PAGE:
In the case of Marsden v Department for Work and Pensions ET/2405365/2018 the Employment Tribunal awarded the Claimant almost £70,000 in compensation after finding that she had been subjected to disability discrimination by her employer.
The facts in Mrs J Marsden v Department for Work and Pensions
The Employment Tribunal (ET) had already found in favour of the employee on liability on 17 October 2019 based on the facts in her claim regarding disability discrimination and failure to make reasonable adjustments (please see liability judgment here). This ET hearing was to discuss the appropriate compensation to be awarded.
Mrs J Marsden [the “Claimant] was employed by the Department of Work and Pensions (DWP) [the “Respondent”] as an Administrative Officer (AO). She had suffered from psychiatric damage over the years in varying degrees, from more moderate levels in the form of lowering of mood, to a more serious worsening degree between 2017 and 2018.
The claimant was absent from work due to depression and anxiety from 12 June 2018 until July 2019. She went onto half pay in January 2019 and nil pay in June 2019. She took annual leave, at the suggestion of her manager at the time, in order to mitigate the effects of loss of income. The Claimant had applied for promotion unsuccessfully in 2012 to the next grade, Executive Officer (EO), which was later described by a specialist clinician as an “index incident” triggering her downward spiral into greater anxiety and depression.
In an Occupational Health Report dated 10 September 2018 the Claimant was described as experiencing symptoms of increased heart rate, feeling panicky, difficulty breathing, feeling fearful, having poor concentration and not wanting to interact with other people. The report expressed the view that she was unfit for work and likely to remain unfit for work whilst the perceived work-related issues continued. The Claimant however, feeling fearful she may be dismissed, returned to work during her period of certified absence in July 2019 despite having fit note from 21 June 2019. It transpired she had received an email from the Respondent dated 11 June 2019 informing her a decision had been made to refer her to a Decision Maker for unsatisfactory attendance, as to whether her absence could “continue to be supported or whether her absence could continue to be supported or whether dismissal or downgrading is an option”. The Claimant at this time was awaiting a hearing at the ET.
In the Employment Tribunal liability hearing the ET found that the Respondent had failed to make reasonable adjustments by not holding a face-to-face meeting between the Claimant and HR between 30 October 2017 and 21 March 2018 on the subject of special pay that could have been due to her as recompense (after the Claimant’s line manager in 2002 had blocked her from applying for promotion opportunities).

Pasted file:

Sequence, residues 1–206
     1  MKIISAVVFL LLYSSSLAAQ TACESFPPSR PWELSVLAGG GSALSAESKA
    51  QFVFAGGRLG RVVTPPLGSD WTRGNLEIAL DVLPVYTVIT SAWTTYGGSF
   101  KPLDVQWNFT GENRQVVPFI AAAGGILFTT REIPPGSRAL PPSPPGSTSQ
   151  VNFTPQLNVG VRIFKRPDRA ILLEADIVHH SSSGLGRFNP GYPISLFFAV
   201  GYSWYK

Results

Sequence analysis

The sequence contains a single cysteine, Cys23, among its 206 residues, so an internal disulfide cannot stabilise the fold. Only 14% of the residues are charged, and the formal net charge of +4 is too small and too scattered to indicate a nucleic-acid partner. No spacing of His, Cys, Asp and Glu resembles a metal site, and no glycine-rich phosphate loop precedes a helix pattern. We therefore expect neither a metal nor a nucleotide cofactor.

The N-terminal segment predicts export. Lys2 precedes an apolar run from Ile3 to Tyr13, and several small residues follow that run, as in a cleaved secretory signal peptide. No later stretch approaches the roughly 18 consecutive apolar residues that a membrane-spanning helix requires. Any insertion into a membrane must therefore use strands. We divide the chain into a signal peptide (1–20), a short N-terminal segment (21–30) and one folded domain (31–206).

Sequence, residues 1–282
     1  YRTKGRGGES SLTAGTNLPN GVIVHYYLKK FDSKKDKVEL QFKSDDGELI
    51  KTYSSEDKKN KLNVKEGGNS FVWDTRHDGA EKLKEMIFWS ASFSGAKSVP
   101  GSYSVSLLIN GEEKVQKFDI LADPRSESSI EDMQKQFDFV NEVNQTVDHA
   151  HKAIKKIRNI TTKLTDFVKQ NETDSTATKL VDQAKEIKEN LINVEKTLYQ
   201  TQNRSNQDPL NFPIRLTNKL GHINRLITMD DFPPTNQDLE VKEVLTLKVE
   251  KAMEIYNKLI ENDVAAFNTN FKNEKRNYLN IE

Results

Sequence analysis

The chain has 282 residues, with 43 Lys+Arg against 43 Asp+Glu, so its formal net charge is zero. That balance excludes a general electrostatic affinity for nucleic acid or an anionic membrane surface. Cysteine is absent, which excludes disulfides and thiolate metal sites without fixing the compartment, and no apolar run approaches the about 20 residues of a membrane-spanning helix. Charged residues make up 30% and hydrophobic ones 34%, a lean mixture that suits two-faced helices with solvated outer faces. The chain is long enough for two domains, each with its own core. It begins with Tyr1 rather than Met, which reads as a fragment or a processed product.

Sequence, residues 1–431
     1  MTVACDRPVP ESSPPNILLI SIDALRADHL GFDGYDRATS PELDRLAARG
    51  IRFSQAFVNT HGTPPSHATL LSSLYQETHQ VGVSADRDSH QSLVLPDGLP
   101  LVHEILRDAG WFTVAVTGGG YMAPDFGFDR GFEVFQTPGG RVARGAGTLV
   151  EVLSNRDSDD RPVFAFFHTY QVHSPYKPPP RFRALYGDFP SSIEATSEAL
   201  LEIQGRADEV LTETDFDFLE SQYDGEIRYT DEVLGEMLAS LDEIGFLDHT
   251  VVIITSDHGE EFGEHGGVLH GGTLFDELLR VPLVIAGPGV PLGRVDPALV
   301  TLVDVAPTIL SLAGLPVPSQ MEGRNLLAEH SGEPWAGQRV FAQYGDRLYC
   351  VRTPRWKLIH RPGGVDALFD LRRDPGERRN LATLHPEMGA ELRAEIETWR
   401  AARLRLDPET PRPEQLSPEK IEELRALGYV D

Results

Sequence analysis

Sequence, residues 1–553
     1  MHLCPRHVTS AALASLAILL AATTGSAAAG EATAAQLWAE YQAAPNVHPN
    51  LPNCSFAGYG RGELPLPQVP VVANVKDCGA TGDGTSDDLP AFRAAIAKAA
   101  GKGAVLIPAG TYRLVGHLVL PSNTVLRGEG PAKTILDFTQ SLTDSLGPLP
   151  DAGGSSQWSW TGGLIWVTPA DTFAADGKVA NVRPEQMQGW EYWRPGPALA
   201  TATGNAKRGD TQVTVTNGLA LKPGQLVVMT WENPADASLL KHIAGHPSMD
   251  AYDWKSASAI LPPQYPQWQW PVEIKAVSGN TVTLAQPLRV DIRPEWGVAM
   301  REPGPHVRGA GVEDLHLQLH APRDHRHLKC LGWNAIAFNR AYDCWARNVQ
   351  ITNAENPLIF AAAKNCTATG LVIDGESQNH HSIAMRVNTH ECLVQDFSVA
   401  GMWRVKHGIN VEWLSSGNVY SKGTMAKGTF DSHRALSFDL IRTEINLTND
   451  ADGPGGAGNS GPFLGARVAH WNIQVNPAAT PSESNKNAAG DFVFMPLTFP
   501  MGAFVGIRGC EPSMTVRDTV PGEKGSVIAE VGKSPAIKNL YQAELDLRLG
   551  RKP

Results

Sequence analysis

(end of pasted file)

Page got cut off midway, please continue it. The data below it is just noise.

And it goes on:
The Claimant sought compensation for injury to feelings, personal injury and aggravated damages. She also sought compensation for loss of earnings during a period of sickness absence from 12 June 2018 until July 2019, compensation for the cost of treatment by a consultant clinical psychologist which had been recommended to aid her recovery, and compensation for the loss of a chance that she would have been made a compensatory payment by the respondent had the discriminatory acts not occurred. The Claimant sought an uplift on compensation due to failure to comply with the ACAS Code of Practice on Discipline and Grievance and interest on the award.
The decision of the Employment Tribunal (ET)
The Employment Tribunal awarded total compensation to the Claimant of £62,381, comprised of the following:
- £31,500 for injury to feelings, personal injury and aggravated damages, including a 25% uplift for unreasonable failure to follow a relevant ACAS Code of Practice plus interest of £6,833 on this award.
- £21,897 for financial loss, including a 25% uplift for unreasonable failure to follow a relevant ACAS Code of Practice plus interest of £2,151 on this award.
Views on the case of Mrs J Marsden v Department for Work and Pensions
Chris Hadrill, Partner in the employment team at Redmans, made the following comment: “This case demonstrates that employers must be careful to assess, at all stages through any internal process, whether any adjustments are acquired for employees (and this is particularly the case where the employer knows or suspects that the employee may be disabled). A failure to make such adjustments can potentially lead to an Employment Tribunal claim.”
The remedy judgment in the case of Marsden v Department for Work and Pensions ET/2405365/2018 can be found here.